1. 10-year remission rates were significantly higher for Roux-en-Y gastric bypass (RYGB) and biliopancreatic diversion (BPD) than medical therapy.
2. Patients in the BPD and RYGB groups had fewer diabetes-related complications.
Evidence Rating Level: 1 (Excellent)
Study Rundown: Compared to conventional therapy, metabolic surgery results in significant short-term improvements among patients with type 2 diabetes. However, there is little evidence to investigate the long-term efficacy of metabolic surgery. This single-centre, randomized controlled trial aimed to compare outcomes at 10-year follow-up after surgery by Roux-en-Y gastric bypass (RYGB) and biliopancreatic diversion (BPD) with medical therapy plus lifestyle interventions for the treatment of type 2 diabetes. The primary endpoint for this study was durability of diabetes remission at 10 years, while secondary outcomes included overall glycemic control, change in markers of metabolic syndrome, and glomerular filtration rate (GFR). Remission of diabetes was defined as a fasting plasma glucose < 100 mg/dL and HbA1c < 6.5% without pharmacotherapy for one year. According to study results, patients in the RYGB and BPD groups had higher 10-year remission rates and fewer diabetes-related complications than those in the medical therapy group. Additionally, surgery resulted in significant decreases in weight, BMI, and waist circumference compared to medical therapy. This study was limited by a small sample size and lack of generalizability as patients from a single hospital were assessed. It is likely that findings were skewed by demographics of the population assessed. Nonetheless, this study provided valuable insight into the use of surgery for long-term control of type 2 diabetes.
In-depth [randomized controlled trial]: Between April 30, 2009, and Oct 31, 2011, 72 patients were assessed for eligibility at a single tertiary hospital in Italy. Included were those aged 30-60 years with a BMI ≥ 35 kg/m2, type 2 diabetes for at least 5 years, and HbA1c ≥ 7.0%. Patients with type 1 diabetes, previous bariatric surgery, pregnancy, and severe medical comorbidities were excluded. Altogether, 60 patients (20 in conventional medical therapy, 20 in BPD, and 20 in RYGB) were enrolled into the study. 95.0% (57 of 60) patients completed the 10-year follow-up.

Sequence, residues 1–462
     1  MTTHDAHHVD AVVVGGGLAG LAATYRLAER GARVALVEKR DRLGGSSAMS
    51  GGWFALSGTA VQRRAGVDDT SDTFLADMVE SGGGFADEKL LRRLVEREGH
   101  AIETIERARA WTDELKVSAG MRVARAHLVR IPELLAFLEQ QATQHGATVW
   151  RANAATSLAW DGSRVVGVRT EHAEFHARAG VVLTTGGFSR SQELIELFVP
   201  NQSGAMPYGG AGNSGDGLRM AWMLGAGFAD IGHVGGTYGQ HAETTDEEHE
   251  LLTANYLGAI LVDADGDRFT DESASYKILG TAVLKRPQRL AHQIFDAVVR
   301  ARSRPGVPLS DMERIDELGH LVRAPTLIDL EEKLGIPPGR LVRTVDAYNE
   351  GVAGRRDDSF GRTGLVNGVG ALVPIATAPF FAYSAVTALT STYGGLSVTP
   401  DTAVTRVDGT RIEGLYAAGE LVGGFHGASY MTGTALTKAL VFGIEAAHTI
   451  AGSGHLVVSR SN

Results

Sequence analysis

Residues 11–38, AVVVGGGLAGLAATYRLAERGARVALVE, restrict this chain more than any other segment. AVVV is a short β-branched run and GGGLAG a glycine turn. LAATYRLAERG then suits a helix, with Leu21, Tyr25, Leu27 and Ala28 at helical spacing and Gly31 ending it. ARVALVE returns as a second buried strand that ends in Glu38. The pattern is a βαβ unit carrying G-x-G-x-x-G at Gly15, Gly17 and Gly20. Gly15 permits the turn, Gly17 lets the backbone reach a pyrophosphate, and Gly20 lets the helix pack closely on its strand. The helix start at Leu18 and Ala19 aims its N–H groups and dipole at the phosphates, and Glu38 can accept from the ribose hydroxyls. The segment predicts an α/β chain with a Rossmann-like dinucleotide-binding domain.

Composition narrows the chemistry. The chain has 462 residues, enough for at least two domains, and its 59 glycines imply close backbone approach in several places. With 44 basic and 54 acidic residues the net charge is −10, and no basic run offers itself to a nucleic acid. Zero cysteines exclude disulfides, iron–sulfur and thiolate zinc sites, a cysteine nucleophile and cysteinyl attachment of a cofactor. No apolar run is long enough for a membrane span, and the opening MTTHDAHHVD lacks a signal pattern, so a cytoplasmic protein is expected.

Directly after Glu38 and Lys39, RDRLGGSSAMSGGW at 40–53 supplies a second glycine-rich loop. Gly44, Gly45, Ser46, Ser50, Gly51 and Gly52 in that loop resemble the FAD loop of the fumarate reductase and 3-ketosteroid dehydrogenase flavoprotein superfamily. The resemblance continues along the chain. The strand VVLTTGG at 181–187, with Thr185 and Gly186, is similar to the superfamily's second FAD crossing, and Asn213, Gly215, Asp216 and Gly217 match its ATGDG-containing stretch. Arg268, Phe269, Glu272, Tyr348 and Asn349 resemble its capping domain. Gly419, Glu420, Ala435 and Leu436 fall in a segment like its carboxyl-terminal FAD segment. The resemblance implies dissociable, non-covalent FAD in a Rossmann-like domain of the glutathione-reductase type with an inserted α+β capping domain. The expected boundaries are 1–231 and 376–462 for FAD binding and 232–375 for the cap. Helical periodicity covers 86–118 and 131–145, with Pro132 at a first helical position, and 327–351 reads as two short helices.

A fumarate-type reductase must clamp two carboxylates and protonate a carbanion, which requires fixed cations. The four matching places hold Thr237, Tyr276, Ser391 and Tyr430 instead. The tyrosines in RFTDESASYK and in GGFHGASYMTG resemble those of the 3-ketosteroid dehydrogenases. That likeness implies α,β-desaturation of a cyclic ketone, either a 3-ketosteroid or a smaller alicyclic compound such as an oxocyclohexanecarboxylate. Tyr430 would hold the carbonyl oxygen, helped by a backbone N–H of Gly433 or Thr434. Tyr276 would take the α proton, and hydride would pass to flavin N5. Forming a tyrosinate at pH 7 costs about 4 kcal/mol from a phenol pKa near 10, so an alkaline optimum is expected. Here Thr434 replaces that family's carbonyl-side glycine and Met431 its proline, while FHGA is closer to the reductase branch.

Of all patients who were surgically treated, 37.5% (n=15) maintained diabetes remission throughout the study period. Specifically, in the intention-to-treat analysis, 10-year remission rates for BPD (50.0%, 95% confidence interval [CI] 29.9-70.1) and RYGB (25.0%, 95% CI 11.2-46.9) were significantly higher than that for medical therapy (5.5%, 95% CI 1.0-25.7, p=0.0082). Relative risks were 9.0 (95% CI 1.3-63.5) for BPD vs. medical therapy and 4.5 (0.58-35.0) for RYGB vs. medical therapy. 58.8% (20 of 34) patients who were observed to be in remission at 2 years after surgery had a relapse of hyperglycemia during the follow-up period (BPD 52.6%, 95% CI 31.7-72.7 vs. RYGB 66.7%, 95% CI 41.7-84.8). Compared to the medical therapy group (mean HbA1c 7.6±0.5%), patients in the surgery groups reported better glycemic control at 10-year follow-up (BPD mean HbA1c 6.4±0.3% and RYGB mean HbA1c 6.7±0.3%). A similar pattern was reported for HbA1c percentage reduction from baseline (-0.8±1.0% for medical therapy vs. -2.4±1.6% for BPD vs. 1.9±1.6% for RYGB, p<0.0097), 10-year percentage weight loss (-4.2±8.8% for medical therapy vs. -29.2±8.9% for BPD vs. -28.0±8.0% for RYGB), cardiovascular risk, and estimated GFR. Medically treated patients had a significantly higher incidence of diabetes-related complications than surgically treated patients (72.2%, 95% CI 49.1-87.5 vs. 5.0%, 95% CI 0.9-23.6). However, the risk of serious adverse events was greater in the BPD group than in the medical therapy group (odds ratio [OR] 2.7, 95% CI 1.3-5.6). Findings from this study suggest that metabolic surgery should be considered by clinicians in long-term management of patients with type 2 diabetes.
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